Investigational PT010 Seen to Improve Lung Function of COPD Patients in Phase 3 Trial
AstraZeneca’s triple combination therapy PT010 (budesonide/glycopyrrolate/formoterol fumarate) improved lung function and reduced the rate of exacerbations in patients with moderate to very severe chronic obstructive pulmonary disease (COPD) in a Phase 3 trial, compared with dual combination therapies.
Results of the trial were published in the study, “Triple therapy with budesonide/glycopyrrolate/formoterol fumarate with co-suspension delivery technology versus dual therapies in chronic obstructive pulmonary disease (KRONOS): a double-blind, parallel-group, multicenter, phase 3 randomized controlled trial,” in the journal The Lancet Respiratory Medicine, and recently presented at the European Respiratory Society International Congress 2018 in Paris.
The Phase 3 KRONOS trial (NCT02497001) tested the effectiveness and safety of PT010 compared with the dual combination therapies Bevespi Aerosphere (glycopyrrolate/formoterol fumarate), Symbicort (PT009, budesonide/formoterol fumarate), and Symbicort Turbuhaler (budesonide/formoterol fumarate) in COPD patients.
PT010 is a single inhaler, fixed-dose triple combination therapy containing budesonide, an inhaled corticosteroid with potent anti-inflammatory properties; glycopyrrolate, a long-acting muscarinic agonist (LAMA) that triggers lung muscle contraction and mucus release in the airways; and formoterol fumarate, a long-acting beta2-agonist (LABA) that allows the airways to open (bronchodilator).
This investigational therapy combines the action of both approved Bevespi and Symbicort. Like Bevespi, PT010 is also being developed using AstraZeneca’s Aerosphere Delivery Technology, a drug delivery method based on a special aerosol formulation (inhalation aerosol).
While Symbicort is delivered through a metered-dose inhaler as an inhalation aerosol, which is combined with a gas to force the medicine into the patients’ airways, the Symbicort Turbuhaler is a dry powder inhaler that relies on the patient’s inhalation for the medicine to reach the lungs. Plus, while Symbicort holds 320 micrograms of budesonide and 9.6 mcg of formoterol, the Turbuhaler version tested has 400 mcg of budesonide and 12 mcg of formoterol.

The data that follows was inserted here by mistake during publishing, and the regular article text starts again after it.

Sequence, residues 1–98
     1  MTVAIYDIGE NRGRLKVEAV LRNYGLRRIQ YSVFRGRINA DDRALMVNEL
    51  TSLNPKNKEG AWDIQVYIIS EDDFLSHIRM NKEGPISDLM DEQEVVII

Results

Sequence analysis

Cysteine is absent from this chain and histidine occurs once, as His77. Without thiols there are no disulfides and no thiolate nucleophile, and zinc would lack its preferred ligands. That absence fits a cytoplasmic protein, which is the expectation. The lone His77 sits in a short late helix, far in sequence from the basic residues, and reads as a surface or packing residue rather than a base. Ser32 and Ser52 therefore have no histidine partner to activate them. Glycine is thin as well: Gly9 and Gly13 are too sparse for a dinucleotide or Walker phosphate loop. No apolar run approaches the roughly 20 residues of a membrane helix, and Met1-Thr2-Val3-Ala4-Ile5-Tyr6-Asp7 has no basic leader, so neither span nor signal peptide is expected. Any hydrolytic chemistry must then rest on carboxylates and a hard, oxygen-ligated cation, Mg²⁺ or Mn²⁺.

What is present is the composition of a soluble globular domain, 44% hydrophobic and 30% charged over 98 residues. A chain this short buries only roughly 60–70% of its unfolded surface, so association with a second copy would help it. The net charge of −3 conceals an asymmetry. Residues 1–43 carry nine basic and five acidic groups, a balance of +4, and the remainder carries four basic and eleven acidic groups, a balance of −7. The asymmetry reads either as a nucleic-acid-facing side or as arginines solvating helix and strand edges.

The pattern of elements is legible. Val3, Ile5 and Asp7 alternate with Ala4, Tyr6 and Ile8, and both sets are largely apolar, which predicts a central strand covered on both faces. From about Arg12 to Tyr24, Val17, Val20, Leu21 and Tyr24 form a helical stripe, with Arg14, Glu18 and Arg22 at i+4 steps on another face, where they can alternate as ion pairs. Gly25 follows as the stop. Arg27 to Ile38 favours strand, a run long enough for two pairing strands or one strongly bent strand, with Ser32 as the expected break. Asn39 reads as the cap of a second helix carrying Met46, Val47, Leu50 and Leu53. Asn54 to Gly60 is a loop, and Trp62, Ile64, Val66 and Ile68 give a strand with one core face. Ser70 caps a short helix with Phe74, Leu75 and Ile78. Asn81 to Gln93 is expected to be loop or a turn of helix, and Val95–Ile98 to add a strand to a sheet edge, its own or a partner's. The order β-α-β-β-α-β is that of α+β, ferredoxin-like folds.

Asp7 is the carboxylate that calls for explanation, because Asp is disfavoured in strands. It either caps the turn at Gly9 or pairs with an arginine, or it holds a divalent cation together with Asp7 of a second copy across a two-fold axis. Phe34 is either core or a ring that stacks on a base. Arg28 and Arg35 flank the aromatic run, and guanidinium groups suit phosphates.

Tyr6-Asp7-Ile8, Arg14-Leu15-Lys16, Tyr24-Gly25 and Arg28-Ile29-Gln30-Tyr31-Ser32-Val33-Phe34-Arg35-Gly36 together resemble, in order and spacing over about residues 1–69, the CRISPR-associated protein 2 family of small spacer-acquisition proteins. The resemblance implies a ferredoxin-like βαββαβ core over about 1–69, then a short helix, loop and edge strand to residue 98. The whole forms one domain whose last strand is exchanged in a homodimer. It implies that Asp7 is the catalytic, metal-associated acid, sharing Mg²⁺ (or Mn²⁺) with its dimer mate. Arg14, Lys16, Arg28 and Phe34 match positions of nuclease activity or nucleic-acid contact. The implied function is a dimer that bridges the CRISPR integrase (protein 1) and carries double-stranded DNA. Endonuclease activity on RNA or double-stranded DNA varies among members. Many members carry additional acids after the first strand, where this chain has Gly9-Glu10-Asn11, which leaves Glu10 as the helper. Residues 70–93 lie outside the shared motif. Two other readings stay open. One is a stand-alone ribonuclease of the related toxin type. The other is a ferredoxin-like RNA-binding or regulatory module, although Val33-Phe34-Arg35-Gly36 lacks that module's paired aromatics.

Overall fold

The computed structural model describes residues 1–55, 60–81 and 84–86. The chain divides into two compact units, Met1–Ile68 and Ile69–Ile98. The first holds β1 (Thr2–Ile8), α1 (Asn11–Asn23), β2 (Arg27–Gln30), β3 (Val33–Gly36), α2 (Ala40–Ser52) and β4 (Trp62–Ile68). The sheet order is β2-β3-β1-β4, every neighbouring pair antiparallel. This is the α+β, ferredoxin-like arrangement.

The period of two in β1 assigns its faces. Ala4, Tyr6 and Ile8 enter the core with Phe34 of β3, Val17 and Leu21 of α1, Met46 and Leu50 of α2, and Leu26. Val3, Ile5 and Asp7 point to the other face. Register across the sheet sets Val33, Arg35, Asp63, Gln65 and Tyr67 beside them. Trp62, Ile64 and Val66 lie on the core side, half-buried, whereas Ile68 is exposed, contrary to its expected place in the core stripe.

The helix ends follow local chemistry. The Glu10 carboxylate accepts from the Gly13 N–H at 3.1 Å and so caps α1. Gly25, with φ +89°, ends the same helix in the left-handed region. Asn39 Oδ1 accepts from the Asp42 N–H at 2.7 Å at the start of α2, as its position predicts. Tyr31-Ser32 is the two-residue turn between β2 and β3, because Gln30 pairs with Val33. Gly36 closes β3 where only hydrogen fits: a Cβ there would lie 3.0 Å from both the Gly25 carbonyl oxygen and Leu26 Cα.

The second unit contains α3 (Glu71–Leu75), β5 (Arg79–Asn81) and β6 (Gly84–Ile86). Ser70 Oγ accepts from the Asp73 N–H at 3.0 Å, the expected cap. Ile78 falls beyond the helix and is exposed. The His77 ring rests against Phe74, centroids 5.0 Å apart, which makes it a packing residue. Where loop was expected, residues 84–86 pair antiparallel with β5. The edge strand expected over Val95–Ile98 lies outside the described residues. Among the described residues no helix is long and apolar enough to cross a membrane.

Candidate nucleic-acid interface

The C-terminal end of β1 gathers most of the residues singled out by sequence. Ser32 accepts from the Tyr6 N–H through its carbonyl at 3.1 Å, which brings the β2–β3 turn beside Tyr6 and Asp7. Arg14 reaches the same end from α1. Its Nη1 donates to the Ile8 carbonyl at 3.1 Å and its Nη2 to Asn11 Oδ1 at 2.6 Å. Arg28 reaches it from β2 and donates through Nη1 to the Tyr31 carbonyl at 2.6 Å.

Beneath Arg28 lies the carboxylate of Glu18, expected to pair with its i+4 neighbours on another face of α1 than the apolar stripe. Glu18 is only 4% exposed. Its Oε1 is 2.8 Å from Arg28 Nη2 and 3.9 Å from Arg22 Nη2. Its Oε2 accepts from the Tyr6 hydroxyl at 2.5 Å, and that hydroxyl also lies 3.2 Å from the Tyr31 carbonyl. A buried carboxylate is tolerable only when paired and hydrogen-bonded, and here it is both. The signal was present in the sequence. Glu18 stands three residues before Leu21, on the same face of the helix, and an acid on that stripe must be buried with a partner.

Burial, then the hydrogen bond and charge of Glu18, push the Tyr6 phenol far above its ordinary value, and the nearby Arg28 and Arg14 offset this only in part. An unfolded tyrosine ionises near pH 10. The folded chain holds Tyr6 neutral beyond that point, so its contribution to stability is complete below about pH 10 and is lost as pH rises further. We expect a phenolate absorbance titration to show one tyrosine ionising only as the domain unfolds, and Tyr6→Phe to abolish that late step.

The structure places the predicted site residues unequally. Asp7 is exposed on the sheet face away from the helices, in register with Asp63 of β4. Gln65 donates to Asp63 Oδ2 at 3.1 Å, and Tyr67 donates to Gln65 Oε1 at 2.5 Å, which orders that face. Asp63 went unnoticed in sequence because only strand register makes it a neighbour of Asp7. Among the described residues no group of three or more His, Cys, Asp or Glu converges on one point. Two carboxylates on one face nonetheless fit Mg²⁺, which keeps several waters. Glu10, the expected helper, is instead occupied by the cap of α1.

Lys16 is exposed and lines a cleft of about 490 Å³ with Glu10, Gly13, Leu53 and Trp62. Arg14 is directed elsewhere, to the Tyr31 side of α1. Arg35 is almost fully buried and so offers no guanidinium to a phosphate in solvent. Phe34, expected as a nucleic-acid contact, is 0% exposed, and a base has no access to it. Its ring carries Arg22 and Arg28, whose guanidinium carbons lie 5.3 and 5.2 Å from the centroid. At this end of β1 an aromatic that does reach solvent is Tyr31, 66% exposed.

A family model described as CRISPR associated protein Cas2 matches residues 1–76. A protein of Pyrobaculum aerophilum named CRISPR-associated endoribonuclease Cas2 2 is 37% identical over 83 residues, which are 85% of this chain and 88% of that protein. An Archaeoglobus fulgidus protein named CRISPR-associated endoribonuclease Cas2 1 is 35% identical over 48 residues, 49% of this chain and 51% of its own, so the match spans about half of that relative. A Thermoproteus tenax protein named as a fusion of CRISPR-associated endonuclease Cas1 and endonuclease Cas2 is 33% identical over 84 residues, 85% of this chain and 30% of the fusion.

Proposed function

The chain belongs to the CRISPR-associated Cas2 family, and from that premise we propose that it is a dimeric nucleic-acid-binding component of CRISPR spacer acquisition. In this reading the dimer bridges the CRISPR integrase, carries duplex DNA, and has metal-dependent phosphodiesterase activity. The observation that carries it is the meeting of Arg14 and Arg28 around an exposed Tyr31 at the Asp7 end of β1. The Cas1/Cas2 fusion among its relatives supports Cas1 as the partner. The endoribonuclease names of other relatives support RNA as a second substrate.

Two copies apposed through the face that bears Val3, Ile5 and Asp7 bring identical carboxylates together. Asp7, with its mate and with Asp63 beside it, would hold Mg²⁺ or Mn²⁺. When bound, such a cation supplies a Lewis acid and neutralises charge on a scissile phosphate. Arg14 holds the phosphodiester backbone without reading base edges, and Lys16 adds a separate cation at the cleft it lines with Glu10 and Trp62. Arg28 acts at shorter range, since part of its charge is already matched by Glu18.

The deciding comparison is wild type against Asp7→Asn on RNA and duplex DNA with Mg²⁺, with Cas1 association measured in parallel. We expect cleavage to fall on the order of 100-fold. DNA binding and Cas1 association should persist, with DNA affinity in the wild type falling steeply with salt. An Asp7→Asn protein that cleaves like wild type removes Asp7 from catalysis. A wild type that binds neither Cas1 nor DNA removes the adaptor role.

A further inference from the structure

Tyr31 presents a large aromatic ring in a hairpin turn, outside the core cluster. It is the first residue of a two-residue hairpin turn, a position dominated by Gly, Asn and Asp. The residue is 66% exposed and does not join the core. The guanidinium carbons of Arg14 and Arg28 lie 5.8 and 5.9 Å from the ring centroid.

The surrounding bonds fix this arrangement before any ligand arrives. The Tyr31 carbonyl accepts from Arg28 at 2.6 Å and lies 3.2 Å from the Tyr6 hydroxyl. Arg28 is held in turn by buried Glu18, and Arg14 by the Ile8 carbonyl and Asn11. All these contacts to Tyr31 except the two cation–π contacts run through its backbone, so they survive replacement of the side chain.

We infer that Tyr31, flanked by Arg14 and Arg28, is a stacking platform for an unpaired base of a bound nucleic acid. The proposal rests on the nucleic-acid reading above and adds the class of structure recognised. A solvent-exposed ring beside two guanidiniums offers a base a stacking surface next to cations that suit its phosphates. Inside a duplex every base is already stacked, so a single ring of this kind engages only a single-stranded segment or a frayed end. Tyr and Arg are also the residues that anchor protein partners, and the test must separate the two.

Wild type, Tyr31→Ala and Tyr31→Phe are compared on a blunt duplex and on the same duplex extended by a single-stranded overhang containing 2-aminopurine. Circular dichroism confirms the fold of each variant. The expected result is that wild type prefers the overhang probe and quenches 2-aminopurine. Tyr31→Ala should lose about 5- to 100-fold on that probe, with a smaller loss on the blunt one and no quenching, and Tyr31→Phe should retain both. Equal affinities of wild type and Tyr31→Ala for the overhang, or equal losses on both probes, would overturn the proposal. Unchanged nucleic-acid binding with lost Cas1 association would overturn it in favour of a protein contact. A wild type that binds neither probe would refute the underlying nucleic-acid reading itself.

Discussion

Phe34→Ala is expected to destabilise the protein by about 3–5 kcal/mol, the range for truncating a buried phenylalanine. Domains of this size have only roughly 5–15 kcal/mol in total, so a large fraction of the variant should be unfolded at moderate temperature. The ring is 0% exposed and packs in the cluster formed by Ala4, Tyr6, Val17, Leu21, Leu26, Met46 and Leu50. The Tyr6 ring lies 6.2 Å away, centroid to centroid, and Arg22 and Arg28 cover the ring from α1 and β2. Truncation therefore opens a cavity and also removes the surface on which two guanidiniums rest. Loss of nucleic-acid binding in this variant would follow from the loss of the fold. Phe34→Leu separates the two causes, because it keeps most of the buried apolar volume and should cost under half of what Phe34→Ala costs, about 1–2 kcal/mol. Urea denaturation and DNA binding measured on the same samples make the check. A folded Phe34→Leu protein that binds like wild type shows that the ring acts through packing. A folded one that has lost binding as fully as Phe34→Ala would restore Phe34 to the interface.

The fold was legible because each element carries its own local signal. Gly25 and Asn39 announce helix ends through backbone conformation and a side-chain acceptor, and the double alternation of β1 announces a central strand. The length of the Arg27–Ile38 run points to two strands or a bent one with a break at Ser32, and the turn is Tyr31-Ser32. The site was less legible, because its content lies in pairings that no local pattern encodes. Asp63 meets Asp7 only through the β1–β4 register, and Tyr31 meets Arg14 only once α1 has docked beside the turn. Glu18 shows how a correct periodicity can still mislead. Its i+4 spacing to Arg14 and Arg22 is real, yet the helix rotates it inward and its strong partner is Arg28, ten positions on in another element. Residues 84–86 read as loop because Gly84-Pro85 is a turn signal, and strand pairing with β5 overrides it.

PT010 was administered at doses of 320 mcg of budesonide, 18 mcg of glycopyrrolate, and 9.6 mcg of formoterol; and Bevespi at doses of 18 mcg of glycopyrrolate and 9.6 mcg of formoterol.
Primary objectives of the trial focused on lung function, measured by FEV1 — the amount of air a person can forcefully exhale in one second — between medicine intake and four hours after the treatment, and changes from initial FEV1 in the morning, before taking the medicine. Both measurements were performed over 24 weeks of treatment.
Secondary goals included improvements in lung function and the rate of moderate to severe COPD exacerbations, and frequency of treatment-related adverse events.
Between August 2015 and January 2018, 3,047 COPD patients were screened from 215 sites, and 1,902 were enrolled in the study. About 74% of these patients had not reported an exacerbation in the previous year.
Of these participants, 64o were randomized to receive PT010, 627 to Bevespi, 316 to Symbicort, and 319 to Symbicort Turbuhaler. Participants were given two inhalations twice a day of their assigned therapy.
Over 24 weeks, patients taking PT010 showed significantly improved FEV1 values, compared with those taking Symbicort or Symbicort Turbuhaler. PT010 also increased patients’ initial FEV1 values in the morning versus Bevespi.
After 24 weeks of treatment, PT010 significantly improved FEV1 values over Symbicort.
Notably, PT010 led to a significant 52% reduction in the rate of moderate to severe COPD exacerbations compared with Bevespi. The same trend was seen compared with Symbicort and Symbicort Turbuhaler, although to a lesser extent and not statistically significant (18% and 17%, respectively).
The most common adverse events reported were nasopharyngitis, an inflammation of the pharynx and nasal cavities, and upper respiratory tract infection across all treatments analyzed. Pneumonia incidence was low (less than 2%) and similar across treatments.
These results highlight the potential of the triple combination therapy in improving the lung function of COPD patients.
“We are encouraged by the results of the KRONOS trial which demonstrate PT010’s efficacy in improving lung function and its potential value as a triple combination therapy for patients with COPD,” Colin Reisner, MD, head of Respiratory Global Medicines at AstraZeneca, said in a press release.
“Importantly, PT010 also halved the rate of moderate or severe exacerbations compared to glycopyrrolate/formoterol fumarate [Bevespi Aerosphere] and we look forward to the ETHOS exacerbation trial results in 2019 to further characterize PT010,” he said.
The Phase 3 ETHOS trial (NCT02465567) is specifically evaluating the impact of PT010 on COPD exacerbations.
“Preventing exacerbations is a priority in the management of COPD because they are known to have an impact on lung function and mortality, and patients are at risk even if they haven’t had an exacerbation in the previous 12 months. The KRONOS trial demonstrated that PT010 reduces the risk of an exacerbation,” said lead author Gary Ferguson, MD, a professor at the Pulmonary Research Institute of Southeast Michigan.
AstraZeneca anticipates making the first regulatory submissions for PT010 by the end of 2018.